This week in Israeli history: April 27-May 3


Theodor Herzl is home with his parents and sister in 1873. Photo: National Photo Collection of Israel

Center for Israel Education

April 27, 1955 — Uzi Is Unveiled During Parade

The Uzi submachine gun makes its public debut as an IDF weapon during a Yom HaAtzmaut parade. Named for its inventor, Uziel Gal, the Uzi was first used in the field two months earlier during Operation Black Arrow, a paratrooper raid on Egyptian forces in Gaza. Although Gal completed the prototype in 1950, and the IDF adopted the weapon in 1951, it does not receive extensive use until the Sinai campaign in 1956.

April 28, 1918 — AJC Endorses Balfour Declaration

Six months after the British government expresses support for a Jewish homeland in Palestine, the American Jewish Committee declares tepid support of the Balfour Declaration. AJC’s weak endorsement reflects the views during and after World War I of most American Jews, who either oppose or only vaguely support Zionism. AJC backs Jewish immigration to Palestine for those who want to go but does not foresee an independent Jewish state.

April 29, 1979 — Prisoners of Zion Arrive in Israel

Five recently released Soviet Jewish prisoners arrive at Ben Gurion Airport, where they are welcomed by Prime Minister Menachem Begin. The five were convicted in 1970 of trying to hijack an airplane to escape the Soviet Union and catalyzed the movement to free Soviet Jewry. “Our hearts are filled with emotions,” Begin says. “Let us pray to the Lord that we shall soon have here all — all the prisoners of Zion, freed from Soviet jails and gathering in Israel.”

April 30, 2012 — Netanyahu’s Father Dies

Historian and Revisionist Zionist leader Benzion Netanyahu, the father of Israeli Prime Minister Benjamin Netanyahu and slain Entebbe hero Yonatan Netanyahu, dies at home in Jerusalem at age 102. A native of Warsaw, Netanyahu makes aliyah as a child in 1920, when the family name is changed from Mileikowsky. An aide to Ze’ev Jabotinsky, he spends most of the 1940s in the United States, lobbying for Jewish statehood.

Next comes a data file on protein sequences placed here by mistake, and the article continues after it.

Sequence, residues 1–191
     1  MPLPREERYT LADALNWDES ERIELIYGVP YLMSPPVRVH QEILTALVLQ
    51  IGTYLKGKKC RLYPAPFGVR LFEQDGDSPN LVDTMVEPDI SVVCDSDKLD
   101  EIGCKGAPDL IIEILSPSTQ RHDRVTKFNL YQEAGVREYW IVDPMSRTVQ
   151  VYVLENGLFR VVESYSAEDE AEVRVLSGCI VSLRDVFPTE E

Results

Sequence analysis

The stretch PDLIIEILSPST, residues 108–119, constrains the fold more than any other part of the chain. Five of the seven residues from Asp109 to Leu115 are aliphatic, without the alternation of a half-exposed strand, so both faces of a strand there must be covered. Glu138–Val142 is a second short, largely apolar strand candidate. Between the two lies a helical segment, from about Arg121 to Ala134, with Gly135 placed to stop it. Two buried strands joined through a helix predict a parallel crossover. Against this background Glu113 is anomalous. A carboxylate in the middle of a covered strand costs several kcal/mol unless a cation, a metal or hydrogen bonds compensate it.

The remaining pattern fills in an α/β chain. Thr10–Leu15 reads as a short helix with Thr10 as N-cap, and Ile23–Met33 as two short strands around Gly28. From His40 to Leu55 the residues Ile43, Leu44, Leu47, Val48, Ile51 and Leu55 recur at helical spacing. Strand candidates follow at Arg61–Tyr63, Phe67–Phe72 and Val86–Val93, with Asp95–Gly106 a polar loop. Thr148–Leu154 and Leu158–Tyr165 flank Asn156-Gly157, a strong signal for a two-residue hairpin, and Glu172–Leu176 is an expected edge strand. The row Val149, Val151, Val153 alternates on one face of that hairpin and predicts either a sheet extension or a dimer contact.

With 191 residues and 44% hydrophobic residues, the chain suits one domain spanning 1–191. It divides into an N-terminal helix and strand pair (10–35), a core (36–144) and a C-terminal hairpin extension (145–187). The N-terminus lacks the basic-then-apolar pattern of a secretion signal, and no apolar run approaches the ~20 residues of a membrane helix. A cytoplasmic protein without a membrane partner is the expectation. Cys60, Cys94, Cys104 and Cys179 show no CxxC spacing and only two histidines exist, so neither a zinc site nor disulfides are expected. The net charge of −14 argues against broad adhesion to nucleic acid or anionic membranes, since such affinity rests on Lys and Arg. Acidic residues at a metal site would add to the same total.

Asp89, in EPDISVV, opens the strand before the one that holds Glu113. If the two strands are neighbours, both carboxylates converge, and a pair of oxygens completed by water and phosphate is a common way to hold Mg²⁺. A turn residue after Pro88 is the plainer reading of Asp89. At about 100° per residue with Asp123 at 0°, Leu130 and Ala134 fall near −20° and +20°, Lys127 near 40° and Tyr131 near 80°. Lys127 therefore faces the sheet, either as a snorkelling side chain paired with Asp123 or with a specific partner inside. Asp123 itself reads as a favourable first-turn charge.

May 1, 1943 — Bermuda Conference Is No Help for Jews

A communiqué issued after a 12-day refugee conference held in Bermuda by Britain and the United States fails to announce any specific steps to help Jews facing extermination by the Nazis. The meeting of Allied countries was a response to public pressure to do something, but Bermuda was chosen to minimize press coverage and keep Jewish organizations away. Britain does not lift its ban on Jewish immigration to Palestine.

May 2, 1860 — Theodor Herzl Is Born

Theodor Herzl, a secular Jew who organizes the modern Zionist movement, is born in Pest, Hungary. After his sister dies in 1878, his family moves to Vienna, where he becomes a lawyer and writer. While reporting from Paris for a Vienna newspaper, he covers the 1894 trial of Capt. Alfred Dreyfus. He is so shaken by the open antisemitism that he writes “The Jewish State” in 1896 and convenes the First Zionist Congress in 1897.

May 3, 1898 — Golda Meir Is Born

Israel’s only female prime minister, Golda Meir, is born Golda Mabovitch in Kyiv, Ukraine. She and her family immigrate to the United States in 1906 and settle in Milwaukee, where she marries Morris Myerson. They move to Palestine in 1921. She becomes active in labor politics. Her Israeli government posts include ambassador to the Soviet Union, labor minister and foreign minister. She serves as prime minister from 1969 to 1974.

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